The Parker Vacumatic fountain pen was launched in 1932, and would come to out-sell the Parker Duofold, the then top seller. The pen was originally marketed under the name of Golden Arrow, a reference to the new arrow clip but was again changed to Vacuum Filler in reference to its ink reservoir filling action.
The Vacumatic featured a brand new filling mechanism which took 5 years to develop at a cost of $125,000. Parker boasted the model to be the first self-filler without a sac which, while not entirely true, the filling mechanism was still a great innovation. By using a diaphragm rather than a sac, the whole barrel can be used as a reservoir. The principle workings are essentially like that of the earlier button fillers like the Duofold as the depression of the plunger pushed on the rubber sac and forced out the air (creating a vacuum) and when the rubber regained its natural form the ink got sucked into the pen to replace the air. The difference was that the previous button was replaced with a fat (approximately 4 mm) plunger that was used to operate the diaphragm. The plunger could be locked in a down position with a twist of the thumb and is referred to as the Lock-Down Fill, or Twist-Fill.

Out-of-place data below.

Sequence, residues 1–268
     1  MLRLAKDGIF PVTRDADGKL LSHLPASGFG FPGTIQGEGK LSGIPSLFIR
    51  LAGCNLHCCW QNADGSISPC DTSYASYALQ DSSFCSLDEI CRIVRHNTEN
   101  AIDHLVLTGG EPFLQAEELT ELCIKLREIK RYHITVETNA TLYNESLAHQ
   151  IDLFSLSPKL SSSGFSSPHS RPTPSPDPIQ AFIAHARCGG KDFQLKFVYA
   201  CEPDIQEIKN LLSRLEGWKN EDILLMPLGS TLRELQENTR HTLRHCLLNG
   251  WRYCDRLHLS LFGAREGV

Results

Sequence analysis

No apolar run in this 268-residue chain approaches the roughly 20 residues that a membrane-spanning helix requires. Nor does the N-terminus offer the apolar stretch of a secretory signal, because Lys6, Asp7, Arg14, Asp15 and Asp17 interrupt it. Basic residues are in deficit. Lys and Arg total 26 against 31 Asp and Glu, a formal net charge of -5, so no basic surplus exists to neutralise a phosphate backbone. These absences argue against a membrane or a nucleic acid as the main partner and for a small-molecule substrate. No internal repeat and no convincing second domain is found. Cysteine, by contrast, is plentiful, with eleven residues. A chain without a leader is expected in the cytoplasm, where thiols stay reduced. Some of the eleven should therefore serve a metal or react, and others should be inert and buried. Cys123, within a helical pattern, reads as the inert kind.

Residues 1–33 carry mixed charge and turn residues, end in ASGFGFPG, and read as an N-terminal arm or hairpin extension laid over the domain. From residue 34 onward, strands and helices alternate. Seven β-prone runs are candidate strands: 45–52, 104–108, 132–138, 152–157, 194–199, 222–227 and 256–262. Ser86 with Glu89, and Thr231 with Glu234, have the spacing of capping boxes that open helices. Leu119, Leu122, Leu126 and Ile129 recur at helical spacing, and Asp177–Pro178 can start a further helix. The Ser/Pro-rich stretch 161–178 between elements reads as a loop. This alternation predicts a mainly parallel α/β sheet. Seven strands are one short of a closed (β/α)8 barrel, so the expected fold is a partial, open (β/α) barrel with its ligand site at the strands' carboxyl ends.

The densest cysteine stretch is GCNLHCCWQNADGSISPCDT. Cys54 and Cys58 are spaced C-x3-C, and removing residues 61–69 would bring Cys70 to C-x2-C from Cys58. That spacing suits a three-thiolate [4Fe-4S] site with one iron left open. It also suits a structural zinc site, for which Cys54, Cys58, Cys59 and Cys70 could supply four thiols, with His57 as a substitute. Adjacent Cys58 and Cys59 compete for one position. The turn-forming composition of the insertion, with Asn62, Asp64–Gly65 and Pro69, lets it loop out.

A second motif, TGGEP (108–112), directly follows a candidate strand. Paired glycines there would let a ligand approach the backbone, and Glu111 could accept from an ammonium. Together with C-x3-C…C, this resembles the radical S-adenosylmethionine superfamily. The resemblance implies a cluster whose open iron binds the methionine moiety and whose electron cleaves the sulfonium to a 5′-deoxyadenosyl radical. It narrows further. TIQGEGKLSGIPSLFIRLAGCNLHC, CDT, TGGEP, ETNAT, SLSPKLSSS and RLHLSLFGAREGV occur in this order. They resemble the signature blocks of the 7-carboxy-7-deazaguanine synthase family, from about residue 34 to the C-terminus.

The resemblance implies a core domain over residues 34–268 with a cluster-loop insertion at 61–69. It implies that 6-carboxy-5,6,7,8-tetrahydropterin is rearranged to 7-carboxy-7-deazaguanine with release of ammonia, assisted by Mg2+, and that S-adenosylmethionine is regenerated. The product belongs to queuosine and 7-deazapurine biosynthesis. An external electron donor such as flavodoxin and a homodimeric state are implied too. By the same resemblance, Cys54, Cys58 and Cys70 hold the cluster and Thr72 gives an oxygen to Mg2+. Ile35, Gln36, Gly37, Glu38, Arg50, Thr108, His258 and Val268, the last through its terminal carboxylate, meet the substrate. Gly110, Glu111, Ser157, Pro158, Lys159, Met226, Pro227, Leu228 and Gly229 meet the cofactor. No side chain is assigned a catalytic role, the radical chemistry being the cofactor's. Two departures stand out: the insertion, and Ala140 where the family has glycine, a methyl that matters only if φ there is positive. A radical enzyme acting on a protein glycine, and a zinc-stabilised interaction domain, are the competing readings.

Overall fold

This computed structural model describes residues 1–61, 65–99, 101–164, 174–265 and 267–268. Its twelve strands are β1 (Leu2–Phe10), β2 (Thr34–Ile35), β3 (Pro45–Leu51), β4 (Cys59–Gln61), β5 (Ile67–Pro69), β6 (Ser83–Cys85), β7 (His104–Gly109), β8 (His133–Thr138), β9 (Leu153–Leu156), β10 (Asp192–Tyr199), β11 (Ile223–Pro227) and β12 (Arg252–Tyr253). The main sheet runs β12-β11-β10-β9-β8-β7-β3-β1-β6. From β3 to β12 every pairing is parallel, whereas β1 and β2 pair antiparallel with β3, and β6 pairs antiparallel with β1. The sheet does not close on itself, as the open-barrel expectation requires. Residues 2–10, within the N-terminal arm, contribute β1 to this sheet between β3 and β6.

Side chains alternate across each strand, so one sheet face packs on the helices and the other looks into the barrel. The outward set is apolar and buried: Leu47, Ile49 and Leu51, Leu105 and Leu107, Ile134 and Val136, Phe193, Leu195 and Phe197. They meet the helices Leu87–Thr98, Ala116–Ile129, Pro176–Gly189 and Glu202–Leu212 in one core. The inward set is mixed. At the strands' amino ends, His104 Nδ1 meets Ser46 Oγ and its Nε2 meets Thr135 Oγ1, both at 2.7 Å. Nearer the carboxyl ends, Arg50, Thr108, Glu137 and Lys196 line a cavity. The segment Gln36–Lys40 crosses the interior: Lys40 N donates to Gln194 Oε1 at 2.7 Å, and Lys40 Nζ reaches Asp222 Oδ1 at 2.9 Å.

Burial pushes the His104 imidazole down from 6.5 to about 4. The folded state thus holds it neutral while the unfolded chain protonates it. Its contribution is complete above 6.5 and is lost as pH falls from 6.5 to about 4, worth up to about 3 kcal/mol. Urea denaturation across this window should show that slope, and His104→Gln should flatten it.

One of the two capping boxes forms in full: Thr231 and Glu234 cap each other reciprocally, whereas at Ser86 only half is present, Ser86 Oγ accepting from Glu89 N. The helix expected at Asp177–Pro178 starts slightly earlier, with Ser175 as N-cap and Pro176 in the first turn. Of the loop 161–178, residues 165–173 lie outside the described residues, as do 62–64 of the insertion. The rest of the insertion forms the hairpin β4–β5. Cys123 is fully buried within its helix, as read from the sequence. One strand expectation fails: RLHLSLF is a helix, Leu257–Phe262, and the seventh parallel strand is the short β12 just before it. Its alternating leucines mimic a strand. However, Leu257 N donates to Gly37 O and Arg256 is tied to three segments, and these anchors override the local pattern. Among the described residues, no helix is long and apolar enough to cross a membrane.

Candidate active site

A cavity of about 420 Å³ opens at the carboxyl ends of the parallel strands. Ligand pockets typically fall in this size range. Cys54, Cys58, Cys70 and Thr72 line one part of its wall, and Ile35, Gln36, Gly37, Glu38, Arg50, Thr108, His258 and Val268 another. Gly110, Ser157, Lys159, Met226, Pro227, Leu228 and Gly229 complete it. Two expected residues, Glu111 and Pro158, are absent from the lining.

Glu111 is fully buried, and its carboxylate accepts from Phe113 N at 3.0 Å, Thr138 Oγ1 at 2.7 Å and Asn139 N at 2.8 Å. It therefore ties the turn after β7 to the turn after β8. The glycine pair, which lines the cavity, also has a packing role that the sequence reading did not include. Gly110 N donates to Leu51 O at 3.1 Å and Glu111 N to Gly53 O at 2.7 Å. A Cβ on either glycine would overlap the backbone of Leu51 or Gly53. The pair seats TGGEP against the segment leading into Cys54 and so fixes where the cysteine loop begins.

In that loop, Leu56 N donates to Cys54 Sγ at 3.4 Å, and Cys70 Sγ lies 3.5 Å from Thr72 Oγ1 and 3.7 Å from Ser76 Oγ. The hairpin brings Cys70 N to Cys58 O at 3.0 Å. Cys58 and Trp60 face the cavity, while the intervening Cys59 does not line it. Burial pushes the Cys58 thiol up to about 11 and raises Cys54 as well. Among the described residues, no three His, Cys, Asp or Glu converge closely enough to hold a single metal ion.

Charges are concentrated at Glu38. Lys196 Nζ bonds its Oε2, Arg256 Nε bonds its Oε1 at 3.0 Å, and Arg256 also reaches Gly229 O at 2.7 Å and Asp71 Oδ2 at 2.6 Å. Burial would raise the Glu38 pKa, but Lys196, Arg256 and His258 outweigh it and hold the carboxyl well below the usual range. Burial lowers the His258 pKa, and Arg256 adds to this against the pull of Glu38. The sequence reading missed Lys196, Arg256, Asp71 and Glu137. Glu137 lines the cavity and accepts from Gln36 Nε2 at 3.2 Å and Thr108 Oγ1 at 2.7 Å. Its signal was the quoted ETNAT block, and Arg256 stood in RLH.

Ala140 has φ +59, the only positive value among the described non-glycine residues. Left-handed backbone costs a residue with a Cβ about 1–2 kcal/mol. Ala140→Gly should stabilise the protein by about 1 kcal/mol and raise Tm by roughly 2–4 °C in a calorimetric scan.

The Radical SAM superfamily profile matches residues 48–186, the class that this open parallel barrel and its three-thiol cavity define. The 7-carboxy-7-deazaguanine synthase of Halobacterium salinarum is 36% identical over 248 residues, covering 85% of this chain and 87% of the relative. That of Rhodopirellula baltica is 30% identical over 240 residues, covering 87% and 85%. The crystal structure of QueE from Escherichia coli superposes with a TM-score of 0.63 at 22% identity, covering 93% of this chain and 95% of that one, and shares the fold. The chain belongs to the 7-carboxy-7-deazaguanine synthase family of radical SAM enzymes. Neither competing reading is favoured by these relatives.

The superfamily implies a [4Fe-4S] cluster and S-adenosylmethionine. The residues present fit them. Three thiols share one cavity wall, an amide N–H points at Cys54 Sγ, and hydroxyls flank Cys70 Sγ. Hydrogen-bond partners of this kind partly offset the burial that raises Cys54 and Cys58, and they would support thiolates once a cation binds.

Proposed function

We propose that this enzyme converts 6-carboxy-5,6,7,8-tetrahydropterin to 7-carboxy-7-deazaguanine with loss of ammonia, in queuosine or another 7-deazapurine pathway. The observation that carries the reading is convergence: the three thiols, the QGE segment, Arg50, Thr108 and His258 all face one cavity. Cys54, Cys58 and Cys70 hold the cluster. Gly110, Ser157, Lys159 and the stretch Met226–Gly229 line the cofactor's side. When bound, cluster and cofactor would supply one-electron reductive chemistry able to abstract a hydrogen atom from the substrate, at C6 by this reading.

Although the pen came in many sizes and colors, the most widely recognizable Vacumatics featured alternating horizontal bands of pearlescent and clear celluloid. These clear bands allowed the user to see the level of ink in the barrel.
Several generations of Vacumatic were produced.
The pen remained Parker’s top-of-the-line product until the launch of the 51 in 1941. The Parker Vacumatic was phased out in 1948 but remained in production in Canada until 1953.
- "Parker Pens Penography". October 2014.